Like many tales that take place in the realm of the fae, Tithe (as the name would suggest) is a story about a girl in the human world who finds out that she has been chosen as a sort of sacrifice for the faeries. This is a pretty common story, a good one is Hunter’s Moon by Melling if you’re unfamiliar with the genre (and I’ve already done a post on it which you can see here), but Black takes this story and gives it a nice little twist.
Here’s a quick intro. The story begins with a teenage girl named Kaye who travels around with her rock star mother. She should be in high school but because of all of the moving around her mother has to do, what with being a starving artist, Kaye finds her time better spent working. She has no father to speak of, as she is the product of a one night stand her mother had with a popular Japanese rock star and her mother h been jumping from boyfriend to boyfriend since. After an inexplicable attack on Kaye’s mother by her current boyfriend, she and Kaye return to Kaye’s grandmother’s house, where Kaye lived when she was young. Kaye used to have what people around her would call imaginary friends whom she would talk about all the time, but no one else have ever or could ever see. She also had a school friend when she was a child, Janet, and goes out with her and her friends after she and her mother have settled in. After an odd incident involving an old carnival horse, Kaye runs away from the gathering into the woods, and to add to her current state, she stumbles upon a knight bleeding to death because of an arrow in his side. The knight takes a leaf and smears it with his blood and asks Kaye to put it in the water nearby. She does this in exchange for the night’s name. When she puts the leaf in the water it summons a kelpie who takes the knight away. After some soul-searching and some conversations with some old friends, Kaye discovers that she is not as human as she seems. That she is in fact a changeling, and there are those who would like to put that information to use.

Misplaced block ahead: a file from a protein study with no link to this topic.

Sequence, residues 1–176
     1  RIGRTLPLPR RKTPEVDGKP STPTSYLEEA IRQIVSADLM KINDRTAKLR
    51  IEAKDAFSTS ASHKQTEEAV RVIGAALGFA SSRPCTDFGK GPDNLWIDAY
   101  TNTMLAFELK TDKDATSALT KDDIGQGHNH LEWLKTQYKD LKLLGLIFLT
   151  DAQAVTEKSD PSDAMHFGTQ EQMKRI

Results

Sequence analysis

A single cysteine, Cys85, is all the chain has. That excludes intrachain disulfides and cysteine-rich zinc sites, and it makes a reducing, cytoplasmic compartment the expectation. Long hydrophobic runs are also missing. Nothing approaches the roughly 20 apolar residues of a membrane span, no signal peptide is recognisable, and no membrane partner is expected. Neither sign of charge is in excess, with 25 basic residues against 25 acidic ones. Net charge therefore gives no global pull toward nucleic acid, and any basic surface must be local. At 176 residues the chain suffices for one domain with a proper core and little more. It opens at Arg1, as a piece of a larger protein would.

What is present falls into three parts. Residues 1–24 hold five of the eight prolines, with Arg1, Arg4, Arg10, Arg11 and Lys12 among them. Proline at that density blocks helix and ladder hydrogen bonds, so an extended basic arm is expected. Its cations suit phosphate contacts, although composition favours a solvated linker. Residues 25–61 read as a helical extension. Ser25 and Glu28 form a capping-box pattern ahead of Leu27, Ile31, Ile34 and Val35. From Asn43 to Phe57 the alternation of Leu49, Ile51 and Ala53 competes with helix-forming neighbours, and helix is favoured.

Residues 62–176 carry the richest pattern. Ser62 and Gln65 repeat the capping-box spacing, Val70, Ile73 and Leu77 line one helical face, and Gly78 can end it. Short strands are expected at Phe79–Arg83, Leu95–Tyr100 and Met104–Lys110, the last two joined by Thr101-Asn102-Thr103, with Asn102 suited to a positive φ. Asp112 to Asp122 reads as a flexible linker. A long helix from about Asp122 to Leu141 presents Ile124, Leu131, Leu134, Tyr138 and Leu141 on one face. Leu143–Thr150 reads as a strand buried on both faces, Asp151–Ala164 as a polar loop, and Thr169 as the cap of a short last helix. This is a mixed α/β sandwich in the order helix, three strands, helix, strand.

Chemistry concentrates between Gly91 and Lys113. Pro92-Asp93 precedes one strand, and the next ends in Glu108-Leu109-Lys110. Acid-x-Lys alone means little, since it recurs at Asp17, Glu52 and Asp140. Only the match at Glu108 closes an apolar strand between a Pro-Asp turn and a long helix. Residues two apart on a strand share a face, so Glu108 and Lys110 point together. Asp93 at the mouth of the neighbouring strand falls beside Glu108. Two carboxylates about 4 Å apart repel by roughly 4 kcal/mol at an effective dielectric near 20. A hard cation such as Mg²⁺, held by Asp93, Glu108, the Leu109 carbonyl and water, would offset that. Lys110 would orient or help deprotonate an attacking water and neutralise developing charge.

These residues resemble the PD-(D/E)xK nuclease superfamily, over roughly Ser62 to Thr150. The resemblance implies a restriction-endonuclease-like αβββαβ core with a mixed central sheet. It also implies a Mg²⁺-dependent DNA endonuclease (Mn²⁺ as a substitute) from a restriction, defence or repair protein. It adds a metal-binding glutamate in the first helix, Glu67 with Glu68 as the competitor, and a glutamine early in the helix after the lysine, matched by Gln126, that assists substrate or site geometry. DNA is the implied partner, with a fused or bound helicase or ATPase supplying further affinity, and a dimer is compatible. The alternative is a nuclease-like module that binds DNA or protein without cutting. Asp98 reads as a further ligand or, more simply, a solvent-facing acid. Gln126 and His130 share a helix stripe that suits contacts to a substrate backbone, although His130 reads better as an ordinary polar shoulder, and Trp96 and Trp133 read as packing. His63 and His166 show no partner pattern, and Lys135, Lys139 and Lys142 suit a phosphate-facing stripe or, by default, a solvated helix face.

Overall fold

I enjoyed this novel. I’ve seen it around for some time but avoided picking it up because I thought it would be like the new syrupy, poorly written, weak-willed heroine in love with two guys at once, who can’t stand up for herself or think for herself trend that seems to be popular with teen books right now in regards to the paranormal genre. I am however happy to report that it is more like The Blue Girl by De Lint than Twilight by Stephanie Meyer. It’s an urban faerie tale with echoes of stories past, but changed enough to make it new again. I don’t know that I agree with all of the changes or slants given to how the faerie world works… in fact I would have preferred that she make the faerie realm more dangerous. This is a teen novel. It doesn’t have to be full of gore or indecency or anything (I mean it is still a teen novel), but I personally would have enjoyed it if there was a little more of the danger I usually associate with the fae. Don’t get me wrong, there are plenty suggested evil doings in the unseelie court, but the faerie food, for example, wasn’t as bad as older tales describe it. There is none of the pining away until you die or other bad side effects the food may have on mortals, it just knocks you out or gets you drunk for a while. Kind of softening the blow of the danger of faerie. Overall though it’s a pretty good book.
Here’s the author’s website http://www.blackholly.com/index.html